University of Virginia Library

Search this document 
The Jeffersonian cyclopedia;

a comprehensive collection of the views of Thomas Jefferson classified and arranged in alphabetical order under nine thousand titles relating to government, politics, law, education, political economy, finance, science, art, literature, religious freedom, morals, etc.;
3 occurrences of jefferson cyclopedia
[Clear Hits]

expand sectionA. 
expand sectionB. 
expand sectionC. 
expand sectionD. 
expand sectionE. 
expand sectionF. 
expand sectionG. 
expand sectionH. 
expand sectionI. 
expand sectionJ. 
expand sectionK. 
expand sectionL. 
expand sectionM. 
expand sectionN. 
expand sectionO. 
expand sectionP. 
expand sectionQ. 
expand sectionR. 
expand sectionS. 
collapse sectionT. 
8456. TOBACCO, Monopoly in France.—
expand sectionU. 
expand sectionV. 
expand sectionW. 
expand sectionX. 
expand sectionY. 
expand sectionZ. 

expand section 
expand section 
3 occurrences of jefferson cyclopedia
[Clear Hits]

8456. TOBACCO, Monopoly in France.—

I take the liberty of offering to your attention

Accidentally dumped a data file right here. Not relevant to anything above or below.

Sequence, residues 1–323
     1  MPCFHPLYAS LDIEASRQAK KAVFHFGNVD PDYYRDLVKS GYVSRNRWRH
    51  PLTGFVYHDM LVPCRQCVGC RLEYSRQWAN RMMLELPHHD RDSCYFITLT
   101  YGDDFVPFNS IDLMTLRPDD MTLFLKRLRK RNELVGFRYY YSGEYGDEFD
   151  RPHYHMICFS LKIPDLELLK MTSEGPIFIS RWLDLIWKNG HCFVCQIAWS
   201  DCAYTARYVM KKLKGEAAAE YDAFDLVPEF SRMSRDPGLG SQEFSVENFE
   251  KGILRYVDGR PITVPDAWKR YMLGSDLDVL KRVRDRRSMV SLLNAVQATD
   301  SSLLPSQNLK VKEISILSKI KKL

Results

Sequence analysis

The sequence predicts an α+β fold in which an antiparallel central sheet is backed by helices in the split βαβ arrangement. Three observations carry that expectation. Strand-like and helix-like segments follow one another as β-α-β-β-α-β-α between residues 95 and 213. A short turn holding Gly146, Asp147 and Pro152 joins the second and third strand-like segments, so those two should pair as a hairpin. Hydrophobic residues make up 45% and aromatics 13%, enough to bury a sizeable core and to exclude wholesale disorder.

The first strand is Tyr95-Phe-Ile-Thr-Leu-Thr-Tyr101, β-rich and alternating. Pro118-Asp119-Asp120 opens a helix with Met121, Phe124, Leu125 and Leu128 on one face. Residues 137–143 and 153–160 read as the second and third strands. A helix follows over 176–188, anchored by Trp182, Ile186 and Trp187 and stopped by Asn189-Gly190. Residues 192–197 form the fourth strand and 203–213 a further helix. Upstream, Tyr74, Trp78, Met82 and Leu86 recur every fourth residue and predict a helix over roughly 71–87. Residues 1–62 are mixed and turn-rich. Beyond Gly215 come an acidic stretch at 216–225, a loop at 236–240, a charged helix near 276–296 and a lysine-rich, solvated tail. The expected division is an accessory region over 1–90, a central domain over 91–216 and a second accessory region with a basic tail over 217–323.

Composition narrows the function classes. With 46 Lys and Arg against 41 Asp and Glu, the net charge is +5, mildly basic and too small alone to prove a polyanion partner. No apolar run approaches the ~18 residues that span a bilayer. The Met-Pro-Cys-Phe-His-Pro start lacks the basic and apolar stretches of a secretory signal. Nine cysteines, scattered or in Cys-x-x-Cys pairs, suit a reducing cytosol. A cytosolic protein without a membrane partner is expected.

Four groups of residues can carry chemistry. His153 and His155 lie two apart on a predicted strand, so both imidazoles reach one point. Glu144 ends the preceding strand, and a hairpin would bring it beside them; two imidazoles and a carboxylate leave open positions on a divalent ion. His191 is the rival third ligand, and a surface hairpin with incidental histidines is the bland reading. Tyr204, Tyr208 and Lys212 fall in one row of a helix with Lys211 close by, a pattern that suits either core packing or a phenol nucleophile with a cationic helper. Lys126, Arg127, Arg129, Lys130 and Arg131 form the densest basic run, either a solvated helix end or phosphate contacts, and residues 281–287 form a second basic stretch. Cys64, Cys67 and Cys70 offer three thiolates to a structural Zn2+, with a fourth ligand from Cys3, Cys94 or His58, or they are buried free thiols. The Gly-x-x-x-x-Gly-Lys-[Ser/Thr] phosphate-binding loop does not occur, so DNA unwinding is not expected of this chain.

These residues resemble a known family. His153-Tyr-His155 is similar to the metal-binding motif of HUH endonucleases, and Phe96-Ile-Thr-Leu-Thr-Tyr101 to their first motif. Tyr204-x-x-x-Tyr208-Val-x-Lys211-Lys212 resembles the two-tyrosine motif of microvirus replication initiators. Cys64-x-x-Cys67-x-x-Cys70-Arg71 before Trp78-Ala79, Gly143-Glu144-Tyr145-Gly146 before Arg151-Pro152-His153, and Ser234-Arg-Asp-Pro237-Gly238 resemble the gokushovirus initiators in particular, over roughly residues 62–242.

some papers * * * written by * * * merchants of L'Orient, and others, some of
whom are citizens of the United States, and
all of them concerned in the trade between the
two countries. This has been carried on by an
exchange of the manufactures and produce of
France for the produce of the United States,
and principally for tobacco, which, though on
its arrival here, confined to a single purchaser,
has been received equally from all sellers. In
confidence of a continuance of this practice,
the merchants of both countries were carrying
on their commerce of exchange. A late contract
by the Farm has, in a great measure, fixed
in a single mercantile house the supplies of
tobacco wanted for this country. This arrangement
found the established merchants with
some tobacco on hand, some on the seas coming
to them, and more still due. By the papers now
enclosed, it seems that there are six thousand
four hundred and eight hogsheads in the single
port of L'Orient. Whether the government May
interfere, as to articles furnished by the merchants
after they had notice of the contract before
mentioned, must depend on principles of
policy. But those of justice seem to urge that,
for commodities furnished before such notice,
they should be so far protected, as that they
may wind up without loss, the transactions in
which the new arrangement found them actually
To Count de Vergennes. Washington ed. i, 547.
(P. 1786)